Spike in infections shakes Europe, fueling holiday fears

LONDON – Britain’s spike in infections driven in part by the omicron variant of the coronavirus rocked Europe on Thursday, causing further restrictions on the continent and fueling a familiar fear on both sides of the Atlantic of entering a new phase of the pandemic just in time for the holidays.

Much remains unknown about the omicron, but officials are increasingly warning that it appears to be more transmissible than the delta variant, which has already put pressure on hospitals around the world. With so many unanswered questions, uncertainty reigned over how quickly and severely to quell Christmas travel and the holiday season.

After the UK recorded its highest number of new confirmed COVID-19 infections since the start of the pandemic, France announced on Thursday that it would tighten entry rules for those coming from Britain. Hours later, the country set a new record, with 88,376 more confirmed cases of COVID-19 reported on Thursday, nearly 10,000 more than the day before.

In England, the chief medical officer urged people to limit who they see during the holiday season. Pubs and restaurants have said many people are following this advice in canceling Christmas parties, although there has been a lot of debate about what is okay to do. In the United States, the White House insisted a lockdown was not necessary, despite signs that omicron was gaining ground there.

Globally, more than 75 countries have reported confirmed cases of the new variant. In Britain, where omicron cases are doubling every two or three days, omicron is expected to replace delta as the dominant strain in the country soon. The government has accelerated its stimulus package in response. Authorities in the 27-country European Union say omicron will be the dominant variant of the bloc by mid-January.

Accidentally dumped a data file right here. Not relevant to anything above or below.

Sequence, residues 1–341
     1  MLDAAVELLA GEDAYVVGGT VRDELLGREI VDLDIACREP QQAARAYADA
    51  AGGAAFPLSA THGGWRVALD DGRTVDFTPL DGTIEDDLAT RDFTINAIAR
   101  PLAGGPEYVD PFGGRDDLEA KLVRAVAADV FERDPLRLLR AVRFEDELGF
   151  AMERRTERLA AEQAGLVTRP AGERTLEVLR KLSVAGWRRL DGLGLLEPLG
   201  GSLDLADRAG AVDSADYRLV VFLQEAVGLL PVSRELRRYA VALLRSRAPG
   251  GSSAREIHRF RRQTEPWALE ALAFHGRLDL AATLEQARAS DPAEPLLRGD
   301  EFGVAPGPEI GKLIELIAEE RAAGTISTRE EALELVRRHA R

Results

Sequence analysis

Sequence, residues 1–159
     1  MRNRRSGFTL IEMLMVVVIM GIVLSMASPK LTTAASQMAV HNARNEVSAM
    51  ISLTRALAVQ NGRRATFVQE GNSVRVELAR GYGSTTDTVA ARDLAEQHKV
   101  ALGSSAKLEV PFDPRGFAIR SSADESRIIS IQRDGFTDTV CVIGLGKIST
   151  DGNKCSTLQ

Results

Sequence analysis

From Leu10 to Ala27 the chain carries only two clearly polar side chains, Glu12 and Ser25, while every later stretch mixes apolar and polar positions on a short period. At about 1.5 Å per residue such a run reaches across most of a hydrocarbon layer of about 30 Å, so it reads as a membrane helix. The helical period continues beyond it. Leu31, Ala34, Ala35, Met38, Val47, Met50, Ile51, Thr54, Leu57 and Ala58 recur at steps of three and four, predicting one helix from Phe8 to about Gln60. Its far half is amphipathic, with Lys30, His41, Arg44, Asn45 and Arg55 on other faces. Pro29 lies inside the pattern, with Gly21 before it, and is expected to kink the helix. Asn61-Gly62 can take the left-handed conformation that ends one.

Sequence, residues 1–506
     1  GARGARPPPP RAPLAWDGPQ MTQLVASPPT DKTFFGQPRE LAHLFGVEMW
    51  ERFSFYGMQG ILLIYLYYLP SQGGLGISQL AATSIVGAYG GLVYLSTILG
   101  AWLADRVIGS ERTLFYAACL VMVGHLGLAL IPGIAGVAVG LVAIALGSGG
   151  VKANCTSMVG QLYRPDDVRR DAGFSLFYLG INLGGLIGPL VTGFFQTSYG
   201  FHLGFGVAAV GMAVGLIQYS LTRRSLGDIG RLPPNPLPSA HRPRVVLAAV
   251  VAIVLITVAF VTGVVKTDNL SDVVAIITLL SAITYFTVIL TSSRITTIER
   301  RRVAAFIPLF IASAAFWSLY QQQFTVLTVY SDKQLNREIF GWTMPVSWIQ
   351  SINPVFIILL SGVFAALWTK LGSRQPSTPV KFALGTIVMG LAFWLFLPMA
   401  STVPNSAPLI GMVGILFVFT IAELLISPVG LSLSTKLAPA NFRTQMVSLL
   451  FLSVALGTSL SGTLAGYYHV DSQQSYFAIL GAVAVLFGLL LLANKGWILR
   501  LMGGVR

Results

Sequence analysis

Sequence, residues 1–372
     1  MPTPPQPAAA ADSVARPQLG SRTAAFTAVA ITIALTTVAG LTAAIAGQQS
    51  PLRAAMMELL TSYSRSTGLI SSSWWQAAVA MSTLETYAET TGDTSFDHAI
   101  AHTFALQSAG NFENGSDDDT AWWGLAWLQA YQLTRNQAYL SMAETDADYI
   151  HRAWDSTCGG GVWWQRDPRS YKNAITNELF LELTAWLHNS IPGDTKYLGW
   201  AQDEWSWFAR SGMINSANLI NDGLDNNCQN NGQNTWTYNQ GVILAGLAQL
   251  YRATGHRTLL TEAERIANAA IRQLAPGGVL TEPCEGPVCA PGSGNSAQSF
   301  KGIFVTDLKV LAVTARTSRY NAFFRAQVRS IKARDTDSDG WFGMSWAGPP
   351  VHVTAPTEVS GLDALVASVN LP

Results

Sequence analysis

Early data suggests that omicron may be milder but better at evading vaccines, making booster shots more crucial. Experts urged caution, especially when it comes to drawing conclusions, as hospitalizations lag behind infections and because so many variables contribute to how sick people fall.

Even though Omicron is found to be smoother overall than Delta, it can disarm some of the available rescue tools and put immunosuppressed people and the elderly at particular risk. And if it is more transmissible, more infections overall increase the risk of more cases being serious.

As experts gathered the data, some governments rushed to act, while others sought to allay fears that the new variant would bring countries back to square one.

Prime Minister Boris Johnson insisted on Thursday that the situation in the UK is different from last year due to the widespread use of vaccines and the possibility of testing.

If people want to attend an event, “the smart thing to do is take a test and make sure you are careful,” he said.

“But we’re not saying we want to undo things. We’re not locking things up, and the quickest path to normalcy is to be boosted,” he said.

England’s chief medical officer Professor Chris Whitty took a more cautious note, advising people earlier in the week to limit their social contact.

On Thursday, he said during a parliamentary committee hearing that the government may have to review measures if the vaccines prove to be less effective than expected against omicron.

He said “it would be a significant change in the way ministers view risks going forward.”

Among those who have taken the more cautious route is Queen Elizabeth II, who has chosen to cancel her traditional family pre-Christmas lunch.

In the United States, President Joe Biden’s administration has said tighter restrictions are not planned. He said the omicron variant is not spreading as quickly as it is in Europe because of the actions taken by his administration.

However, he warned unvaccinated Americans were facing “a winter of serious illness and death.”

White House coronavirus response coordinator Jeff Zients said the United States was “in a very different and stronger place than we were a year ago.”